I had just come back home for lunch from my first post-college job at the EPA in Ann Arbor, Michigan, fixed a sandwich, turned on the TV, and watched the explosion happen LIVE. I knew something was wrong well before they said anything.
  • LuckyGuyKC

    Posts: 2080

    Jan 29, 2011 2:43 AM GMT
    I was at the University of Missouir in my fraternity bedroom ironing a shirt. I will never forget the moment.
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    Jan 29, 2011 2:47 AM GMT
    I wasn't born yet... icon_surprised.gif
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    Jan 29, 2011 3:01 AM GMT
    I was a Freshman in High School in Biology Class. That is when I heard and I remember the talk that maybe the Soviets were involved (they were not of course), but it was still the cold war. I felt sad because of the teacher being on board. I also remember the break up of the Shuttle in 2003. Sadly the last mission will be flown this year. I wish they would keep the program
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    Jan 29, 2011 3:03 AM GMT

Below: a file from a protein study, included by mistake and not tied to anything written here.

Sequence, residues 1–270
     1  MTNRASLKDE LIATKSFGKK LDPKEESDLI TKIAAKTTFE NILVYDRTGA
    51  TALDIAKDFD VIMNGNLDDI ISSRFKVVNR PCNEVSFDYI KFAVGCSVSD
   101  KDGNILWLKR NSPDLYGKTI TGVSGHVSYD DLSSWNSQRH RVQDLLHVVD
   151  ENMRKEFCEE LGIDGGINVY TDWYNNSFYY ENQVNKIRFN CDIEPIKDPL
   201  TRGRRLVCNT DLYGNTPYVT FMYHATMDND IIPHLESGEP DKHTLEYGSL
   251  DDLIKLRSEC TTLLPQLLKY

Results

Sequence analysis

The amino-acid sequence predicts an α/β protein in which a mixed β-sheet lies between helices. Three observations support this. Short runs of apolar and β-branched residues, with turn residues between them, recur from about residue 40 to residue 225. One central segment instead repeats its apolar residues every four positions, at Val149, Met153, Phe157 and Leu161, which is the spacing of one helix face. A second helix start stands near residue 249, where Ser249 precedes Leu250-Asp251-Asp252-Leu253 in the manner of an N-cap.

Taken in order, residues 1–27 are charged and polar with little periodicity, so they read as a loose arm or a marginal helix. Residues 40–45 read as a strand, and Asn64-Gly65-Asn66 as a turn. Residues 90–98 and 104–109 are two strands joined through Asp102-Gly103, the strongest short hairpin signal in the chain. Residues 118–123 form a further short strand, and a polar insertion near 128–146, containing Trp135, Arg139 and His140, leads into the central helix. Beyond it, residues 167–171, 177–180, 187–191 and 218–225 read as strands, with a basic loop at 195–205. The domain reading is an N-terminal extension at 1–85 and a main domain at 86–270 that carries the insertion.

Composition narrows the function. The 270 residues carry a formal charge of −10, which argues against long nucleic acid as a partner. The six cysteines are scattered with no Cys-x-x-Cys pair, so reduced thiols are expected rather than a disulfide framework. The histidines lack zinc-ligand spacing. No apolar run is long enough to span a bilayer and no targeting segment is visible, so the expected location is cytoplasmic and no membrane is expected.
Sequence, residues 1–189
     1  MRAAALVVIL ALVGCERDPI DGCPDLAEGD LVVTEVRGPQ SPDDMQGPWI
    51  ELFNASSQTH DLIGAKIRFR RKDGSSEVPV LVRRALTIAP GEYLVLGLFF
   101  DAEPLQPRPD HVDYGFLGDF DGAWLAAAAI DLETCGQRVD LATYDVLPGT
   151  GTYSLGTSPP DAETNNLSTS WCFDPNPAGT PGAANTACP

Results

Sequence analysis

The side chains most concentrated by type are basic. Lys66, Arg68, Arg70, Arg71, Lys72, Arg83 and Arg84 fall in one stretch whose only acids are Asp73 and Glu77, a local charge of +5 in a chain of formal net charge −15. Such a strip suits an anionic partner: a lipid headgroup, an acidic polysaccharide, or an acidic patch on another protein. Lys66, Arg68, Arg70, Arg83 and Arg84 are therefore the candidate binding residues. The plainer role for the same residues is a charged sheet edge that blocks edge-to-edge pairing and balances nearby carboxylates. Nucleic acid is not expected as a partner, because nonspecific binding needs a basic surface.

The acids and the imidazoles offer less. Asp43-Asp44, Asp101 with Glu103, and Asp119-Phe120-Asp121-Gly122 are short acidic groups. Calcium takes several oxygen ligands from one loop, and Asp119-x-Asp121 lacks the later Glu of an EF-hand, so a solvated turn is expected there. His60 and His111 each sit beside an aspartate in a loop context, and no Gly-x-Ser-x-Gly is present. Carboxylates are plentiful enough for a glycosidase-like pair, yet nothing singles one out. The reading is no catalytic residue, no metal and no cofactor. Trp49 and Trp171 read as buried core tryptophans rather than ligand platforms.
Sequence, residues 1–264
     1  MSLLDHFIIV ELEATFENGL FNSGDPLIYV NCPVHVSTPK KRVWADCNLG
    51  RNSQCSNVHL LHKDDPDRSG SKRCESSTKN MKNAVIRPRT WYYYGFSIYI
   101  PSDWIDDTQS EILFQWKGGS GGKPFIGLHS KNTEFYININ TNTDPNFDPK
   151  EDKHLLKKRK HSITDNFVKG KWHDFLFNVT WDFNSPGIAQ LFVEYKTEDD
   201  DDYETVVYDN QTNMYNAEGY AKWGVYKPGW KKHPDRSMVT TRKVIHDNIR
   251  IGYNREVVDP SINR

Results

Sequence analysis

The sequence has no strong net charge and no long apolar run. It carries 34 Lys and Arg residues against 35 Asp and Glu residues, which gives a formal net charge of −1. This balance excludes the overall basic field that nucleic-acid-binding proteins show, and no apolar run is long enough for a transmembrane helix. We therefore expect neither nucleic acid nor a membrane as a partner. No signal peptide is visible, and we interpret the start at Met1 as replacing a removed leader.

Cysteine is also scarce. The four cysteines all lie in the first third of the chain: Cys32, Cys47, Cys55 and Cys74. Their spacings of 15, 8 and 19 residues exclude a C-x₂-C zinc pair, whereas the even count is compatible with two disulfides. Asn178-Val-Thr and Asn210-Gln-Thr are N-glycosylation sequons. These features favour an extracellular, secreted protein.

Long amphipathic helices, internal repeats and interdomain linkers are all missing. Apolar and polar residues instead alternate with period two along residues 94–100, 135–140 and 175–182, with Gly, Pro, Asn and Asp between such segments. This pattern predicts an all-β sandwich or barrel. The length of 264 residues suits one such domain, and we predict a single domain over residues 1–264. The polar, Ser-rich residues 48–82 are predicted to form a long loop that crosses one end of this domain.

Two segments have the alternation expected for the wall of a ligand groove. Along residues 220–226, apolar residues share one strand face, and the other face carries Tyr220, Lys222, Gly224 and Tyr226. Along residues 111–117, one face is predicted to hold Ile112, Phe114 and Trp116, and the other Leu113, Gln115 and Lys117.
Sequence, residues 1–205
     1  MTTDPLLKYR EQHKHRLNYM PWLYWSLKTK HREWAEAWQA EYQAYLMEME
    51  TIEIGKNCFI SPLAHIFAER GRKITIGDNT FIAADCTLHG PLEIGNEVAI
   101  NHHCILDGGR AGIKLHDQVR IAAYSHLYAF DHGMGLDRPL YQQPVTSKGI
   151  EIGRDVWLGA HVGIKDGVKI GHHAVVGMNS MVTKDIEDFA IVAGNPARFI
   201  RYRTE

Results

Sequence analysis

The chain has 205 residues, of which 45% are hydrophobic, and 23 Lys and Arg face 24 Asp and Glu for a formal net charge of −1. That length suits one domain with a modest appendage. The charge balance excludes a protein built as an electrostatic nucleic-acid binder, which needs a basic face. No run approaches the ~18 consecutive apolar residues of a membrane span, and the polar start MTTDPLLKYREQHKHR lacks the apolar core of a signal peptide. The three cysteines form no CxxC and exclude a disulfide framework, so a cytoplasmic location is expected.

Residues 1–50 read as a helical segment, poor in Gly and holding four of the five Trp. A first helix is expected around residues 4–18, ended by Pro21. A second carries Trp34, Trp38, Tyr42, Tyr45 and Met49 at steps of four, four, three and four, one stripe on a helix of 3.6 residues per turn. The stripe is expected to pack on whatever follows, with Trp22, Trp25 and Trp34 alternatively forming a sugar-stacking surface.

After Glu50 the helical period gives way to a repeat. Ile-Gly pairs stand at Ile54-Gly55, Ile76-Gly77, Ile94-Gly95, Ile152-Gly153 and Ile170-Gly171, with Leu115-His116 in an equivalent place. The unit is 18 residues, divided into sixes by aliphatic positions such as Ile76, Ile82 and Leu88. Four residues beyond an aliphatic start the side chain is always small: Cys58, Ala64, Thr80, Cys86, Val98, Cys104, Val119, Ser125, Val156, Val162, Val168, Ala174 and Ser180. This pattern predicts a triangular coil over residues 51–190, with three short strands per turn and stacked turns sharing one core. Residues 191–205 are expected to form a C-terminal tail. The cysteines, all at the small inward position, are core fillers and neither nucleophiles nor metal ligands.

9th grade science class.
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    Jan 29, 2011 3:05 AM GMT
    paulflexes said9th grade science class.


    Damn, dude, I thought we were about the same age. I was a year out of college then. ;-)
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    Jan 29, 2011 3:09 AM GMT
    at work. We watched it on TV in a small room.
  • HndsmKansan

    Posts: 16311

    Jan 29, 2011 3:13 AM GMT
    I was in school at the time and heard about it after class and had gone to my part time job in a western store. I'll never forget even where I was standing in the store when it happened.
  • turtleneckjoc...

    Posts: 4685

    Jan 29, 2011 3:15 AM GMT
    I live in Orlando which is about 40 miles west of Cape Canaveral. If you look to the east, you can usually spot the vapor trail of any shuttle or rocket launch from the Cape.

    That morning I was at work and most people generally go outside to see the launch, but we didn't. At that time, shuttle launches were pretty regular so it was, "if you have seen one...." The radio near my desk was soon buzzing about an explosion on board the spacecraft. Soon, we were to learn that there was a tragedy. Initially, there was the hope all of the astronauts parachuted to safety, but discovered later all had perished.

    It was quite cold that morning as it was hovering near 32 degrees and the focus was on the fueling of the rocket booster, then came the O ring theory.

    Shortly thereafter, Florida's first "charity oriented" licence plate was issued to commemorate those that died that day. I had one on my vehicle then and today, that has evolved to one remembering those that have perished on Challenger and Columbia.